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Toliver on...

Nov. 17, 2009

The power of a vision: Charlotte grew to become what its leaders wanted it to become.

Finding "heart" people: Even in a commercial city, there are enough people to make progress on matters of the heart.

Low expectations for boys: The explanation is close at hand.

Beyond baggy pants: It's up to adults to see boys' potential.


National Black Child Development Institute

Group began with service, now adding advocacy role

Nov. 17, 2009

The local affiliate of a national institute focused on the educational development of black children has launched a effort to boost reading by recruiting adults who will agree to read to 100 children a year.

By the end of the year, 125 adults will have been trained and will be reading in front of groups, said Lawrence Toliver, a retired Charotte Chamber executive whose wife Eleanor established the Charlotte affiliate of the National Black Child Development Institute five years ago.

The affliliate's other service projects are a healthy fun fair annually in April that last year attracted 1,200 people, and a daylong program held at a local college campus that is designed to convince middle school students that they can and should plan on attending college. Interest in the college program has grown so that applicants must be turned away.

Staging all these programs, Toliver said, is a "fairly tight-knit group of people" that numbers about 50 on paper but is much smaller when the works really begins.

Many programs are suggested, Toliver said. What gets done is what gets championed by an individual.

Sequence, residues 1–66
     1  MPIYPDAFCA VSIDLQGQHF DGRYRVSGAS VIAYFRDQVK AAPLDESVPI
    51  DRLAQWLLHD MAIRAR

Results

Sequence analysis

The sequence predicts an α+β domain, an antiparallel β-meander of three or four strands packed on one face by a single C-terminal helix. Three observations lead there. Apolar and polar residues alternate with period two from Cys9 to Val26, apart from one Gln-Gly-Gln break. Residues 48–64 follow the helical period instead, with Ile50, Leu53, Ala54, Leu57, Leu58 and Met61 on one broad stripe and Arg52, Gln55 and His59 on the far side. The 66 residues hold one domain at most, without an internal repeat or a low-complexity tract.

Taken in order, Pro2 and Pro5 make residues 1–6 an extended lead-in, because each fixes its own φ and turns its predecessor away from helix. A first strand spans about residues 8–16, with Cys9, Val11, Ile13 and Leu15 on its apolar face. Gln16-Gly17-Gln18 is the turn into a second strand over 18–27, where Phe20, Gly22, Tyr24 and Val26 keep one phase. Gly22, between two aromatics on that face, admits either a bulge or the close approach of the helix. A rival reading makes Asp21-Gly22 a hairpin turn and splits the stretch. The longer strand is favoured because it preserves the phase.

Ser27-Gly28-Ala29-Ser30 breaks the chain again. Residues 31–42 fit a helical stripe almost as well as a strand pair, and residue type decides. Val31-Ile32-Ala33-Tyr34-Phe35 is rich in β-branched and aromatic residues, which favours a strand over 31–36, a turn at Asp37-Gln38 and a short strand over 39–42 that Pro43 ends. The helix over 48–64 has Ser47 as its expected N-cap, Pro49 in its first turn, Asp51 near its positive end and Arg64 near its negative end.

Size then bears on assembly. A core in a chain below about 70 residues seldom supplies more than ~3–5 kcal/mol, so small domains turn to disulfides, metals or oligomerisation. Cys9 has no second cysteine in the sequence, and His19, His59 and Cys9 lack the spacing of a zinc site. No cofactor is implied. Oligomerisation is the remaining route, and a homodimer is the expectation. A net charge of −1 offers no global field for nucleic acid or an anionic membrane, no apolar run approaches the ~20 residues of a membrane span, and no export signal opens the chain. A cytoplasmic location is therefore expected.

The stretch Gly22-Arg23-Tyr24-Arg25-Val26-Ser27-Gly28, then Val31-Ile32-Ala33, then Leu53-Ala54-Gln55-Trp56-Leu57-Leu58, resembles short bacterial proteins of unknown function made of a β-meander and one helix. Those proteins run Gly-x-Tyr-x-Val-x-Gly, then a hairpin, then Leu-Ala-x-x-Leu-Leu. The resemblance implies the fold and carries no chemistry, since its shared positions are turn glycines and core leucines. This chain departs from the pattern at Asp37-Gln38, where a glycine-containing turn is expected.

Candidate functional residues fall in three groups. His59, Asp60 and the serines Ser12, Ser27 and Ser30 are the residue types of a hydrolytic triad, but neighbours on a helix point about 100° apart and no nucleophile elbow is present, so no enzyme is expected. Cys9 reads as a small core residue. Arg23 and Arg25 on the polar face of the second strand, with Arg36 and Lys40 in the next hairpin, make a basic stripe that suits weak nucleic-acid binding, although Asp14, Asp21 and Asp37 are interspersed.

Creating a local affiliate of the Institute was initially advocated by former school board chairman Arthur Griffin, Toliver said.

The local affiliate is is considering adding advocacy to its activities. "Our national office has wanted us to do that all along. We have done our best to put the service objectives into place. Now we are going to be doing advocacy, in a big way we hope."

To pursue that goal, the group has begun holding forums every other month that allow members of other groups to share what they are doing. "We focus on some communitywide issues that ... might capture our attention," Toliver said. For the group to take on an issue, however, "someone has to rise to the occasion."

Because someone did step forward, according to Toliver, the group is now disseminating information about parents' options for free tutorial services for children in Title 1 schools. The group is reaching children and their parents through existing agencies and professional services. According to Toliver, only a third of the 30,000 children eligible for free tutorial services take advantage of the programs. Members of the audience said the reason was that the afterschool tutorial programs do not offer transportation.


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